"We took notice last year when the state passed the bill to attract money for small businesses," Brennan said.
Victor Budnick, a managing director with Ironwood Capital, said its fund has the ability to invest as much as $10 million in a company. The largest commitment so far is $7.1 million.
Brennan said his group is also trying to raise another $28 million to start a new fund, which could be up and running by the end of the year.
The revamped Insurance Reinvestment Tax Credit program was passed in 2010 as part of the major jobs bill initiative, and can leverage up to $200 million in investments.
The program leverages private capital provided by insurance companies that is then invested by state-certified fund managers. In exchange, insurance companies receive credits toward their premium tax liability.
There are several restrictions in the program. Twenty-five percent of the investments made by fund managers, for example, must be committed to green technology efforts, while 3 percent must go toward pre-seed investments.
Industry leaders have always raised concerns about the lack of a strong early stage investor base in Connecticut. In some ways, it's been a national trend, as venture capitalists have increasingly shied away from early-stage companies, creating a major funding gap.
Connecticut Innovations, the state's technology investing and innovation arm, is generally considered a successful fund, but its resources are limited.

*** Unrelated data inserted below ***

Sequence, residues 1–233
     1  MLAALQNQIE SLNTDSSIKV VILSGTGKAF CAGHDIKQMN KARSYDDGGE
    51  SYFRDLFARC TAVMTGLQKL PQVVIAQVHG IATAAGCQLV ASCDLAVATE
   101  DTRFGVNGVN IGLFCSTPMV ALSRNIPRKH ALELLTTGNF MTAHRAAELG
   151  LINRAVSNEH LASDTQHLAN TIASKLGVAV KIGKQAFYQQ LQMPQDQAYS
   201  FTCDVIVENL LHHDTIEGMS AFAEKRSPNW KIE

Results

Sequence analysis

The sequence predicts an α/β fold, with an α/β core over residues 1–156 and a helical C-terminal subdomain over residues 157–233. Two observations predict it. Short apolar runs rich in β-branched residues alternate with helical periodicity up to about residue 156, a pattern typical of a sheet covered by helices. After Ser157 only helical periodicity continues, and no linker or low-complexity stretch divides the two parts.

In 2010, investors injected about $225 million into Connecticut companies, a 43 percent increase from the $157 million invested in 2009. That sum represents 58 deals, compared to 39 deals in 2009, according to the MoneyTree report, a joint effort of PricewaterhouseCoopers and the National Venture Capital Association.
Brennan said many states are moving aggressively to make more risk capital available to companies, and he believes Connecticut is heading in the right direction.
"If companies can't get access to that money, they will either not grow or move out of state," he said.
Karter, who is the founder of the state's Angel Investor Forum, said the program is an important one because even though a fair amount of venture capital firms exist in Connecticut, investment in Connecticut companies is lacking.
Karter said Connecticut ranks fourth in the nation in capital under management, but ranks 14th in the country, in terms of dollars invested in Connecticut businesses.
That gap exists in part, Karter said, because there has been a lack of investment opportunities in the state. While the new funds may not be able to cure that ill completely, they will provide much needed capital to early stage companies looking for their first significant round of venture funding.
"Not having capital is like breathing through a cocktail straw," Karter said. "This fund will help deal with that gap."
Victor Budnick, managing director, Ironwood Capital
Liddy Karter, managing director, Enhanced Capital Connecticut